The mouth harbours its own unique microbiome
Most people are aware that the gastrointestinal tract contains a community of bacteria and other micro-organisms, called the microbiome; but did you know that the mouth also harbours its own unique microbiome?
Oral bacteria play an important role in maintaining oral and systemic health and the latest research shows that if the oral microbiome becomes imbalanced, dental caries and periodontal disease can occur. An imbalance in your mouth’s microbiome can also have negative effects on your overall health and wellbeing.
What is the microbiome? It is the bacteria and other microorganisms found in a specific environment, such as the human intestine or mouth. These microbiomes play an important part in maintaining human health.
How the oral microbiome affects systemic health
An imbalance in the oral microbiome has been implicated in a number of systemic diseases, including cardiovascular disease, rheumatoid arthritis, stroke, inflammatory bowel disease, and colorectal cancer, respiratory tract infections, appendicitis, and diabetes. Poor oral health has also been shown to have negative consequences for both mother and baby during pregnancy. Oral bacteria contribute to these conditions either through direct infection of distant body sites or through interactions with the immune system.
Probiotics support a healthy oral microbiome
We can also influence the oral microbiome directly by consuming certain probiotics. The use of probiotics can improve oral health; however, these effects are only seen with specific probiotic strains, so it is important to choose probiotics that have been proven to be beneficial.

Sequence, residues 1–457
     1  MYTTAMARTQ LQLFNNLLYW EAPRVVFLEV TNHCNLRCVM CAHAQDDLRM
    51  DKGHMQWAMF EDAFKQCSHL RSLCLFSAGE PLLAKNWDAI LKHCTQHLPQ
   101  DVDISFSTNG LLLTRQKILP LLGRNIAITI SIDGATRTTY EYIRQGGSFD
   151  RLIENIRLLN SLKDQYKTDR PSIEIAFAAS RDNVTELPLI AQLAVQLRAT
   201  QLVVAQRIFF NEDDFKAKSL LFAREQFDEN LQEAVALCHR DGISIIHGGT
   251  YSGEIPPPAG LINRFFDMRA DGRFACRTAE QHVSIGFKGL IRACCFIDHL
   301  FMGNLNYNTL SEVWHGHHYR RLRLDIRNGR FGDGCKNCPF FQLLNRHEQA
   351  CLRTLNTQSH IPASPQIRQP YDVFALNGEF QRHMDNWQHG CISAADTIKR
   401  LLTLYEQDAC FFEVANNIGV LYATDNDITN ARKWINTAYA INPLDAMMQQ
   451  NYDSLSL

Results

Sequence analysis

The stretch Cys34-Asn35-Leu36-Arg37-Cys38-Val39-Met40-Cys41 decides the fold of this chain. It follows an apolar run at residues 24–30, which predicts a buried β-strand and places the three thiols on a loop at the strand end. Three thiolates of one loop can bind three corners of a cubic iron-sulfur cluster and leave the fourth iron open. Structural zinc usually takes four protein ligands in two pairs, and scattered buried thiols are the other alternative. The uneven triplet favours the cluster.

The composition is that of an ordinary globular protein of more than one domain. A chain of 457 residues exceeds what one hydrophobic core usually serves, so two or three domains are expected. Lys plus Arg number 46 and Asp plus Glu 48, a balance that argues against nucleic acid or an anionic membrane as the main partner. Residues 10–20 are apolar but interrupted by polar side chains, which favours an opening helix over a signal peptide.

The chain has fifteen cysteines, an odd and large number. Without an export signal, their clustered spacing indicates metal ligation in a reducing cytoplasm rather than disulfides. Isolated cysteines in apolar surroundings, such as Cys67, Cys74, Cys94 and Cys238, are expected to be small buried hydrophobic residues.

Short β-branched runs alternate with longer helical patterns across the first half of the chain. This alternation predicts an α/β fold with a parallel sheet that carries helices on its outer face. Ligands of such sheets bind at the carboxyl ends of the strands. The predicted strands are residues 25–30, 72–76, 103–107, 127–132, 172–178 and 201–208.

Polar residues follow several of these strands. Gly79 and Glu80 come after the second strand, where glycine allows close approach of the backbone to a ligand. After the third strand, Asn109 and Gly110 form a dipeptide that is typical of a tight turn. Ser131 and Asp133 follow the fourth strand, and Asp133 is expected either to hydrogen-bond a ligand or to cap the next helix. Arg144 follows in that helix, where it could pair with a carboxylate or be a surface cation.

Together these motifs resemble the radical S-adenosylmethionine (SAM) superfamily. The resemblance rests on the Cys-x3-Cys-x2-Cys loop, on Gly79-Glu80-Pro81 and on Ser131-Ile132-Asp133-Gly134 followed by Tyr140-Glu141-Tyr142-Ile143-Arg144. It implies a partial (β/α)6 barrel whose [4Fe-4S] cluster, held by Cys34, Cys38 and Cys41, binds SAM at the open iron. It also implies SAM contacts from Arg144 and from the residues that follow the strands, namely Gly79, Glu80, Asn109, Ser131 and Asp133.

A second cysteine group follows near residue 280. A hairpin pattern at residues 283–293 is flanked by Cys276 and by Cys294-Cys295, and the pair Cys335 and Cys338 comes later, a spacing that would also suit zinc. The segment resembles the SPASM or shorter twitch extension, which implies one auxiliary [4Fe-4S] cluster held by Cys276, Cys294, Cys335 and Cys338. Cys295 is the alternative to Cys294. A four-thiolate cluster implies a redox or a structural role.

Probiotics are live bacteria that convey a health benefit when consumed.
Lactobacillus reuteri DSM 17938 and Lactobacillus reuteri ATCC PTA 5289 reduce numbers of pathogenic oral bacteria that cause dental caries and periodontal disease. Furthermore, consumption of these strains has reduced the occurrence of dental caries, and improved clinical features and outcomes of gingivitis and periodontitis in scientific studies.
Lactobacillus reuteri DSM 17938 and Lactobacillus reuteri ATCC PTA 5289 rebalance the oral microbiome and can help reduce the numbers of pathogenic oral bacteria that cause dental caries and periodontal disease.
Take care of your mouth to support long-term wellbeing
In addition to taking a good probiotic, other things you can do to support the health of your oral microbiome include:
- Practicing good oral hygiene by brushing and flossing daily;
- Eating a healthy diet that is low in sugar and acidic foods such as soft drinks; and
- Avoiding smoking, which damages the oral microbiome significantly.
Supporting a healthy oral microbiome with the right probiotics could improve your oral and overall health. To find out more talk to your healthcare Practitioner today!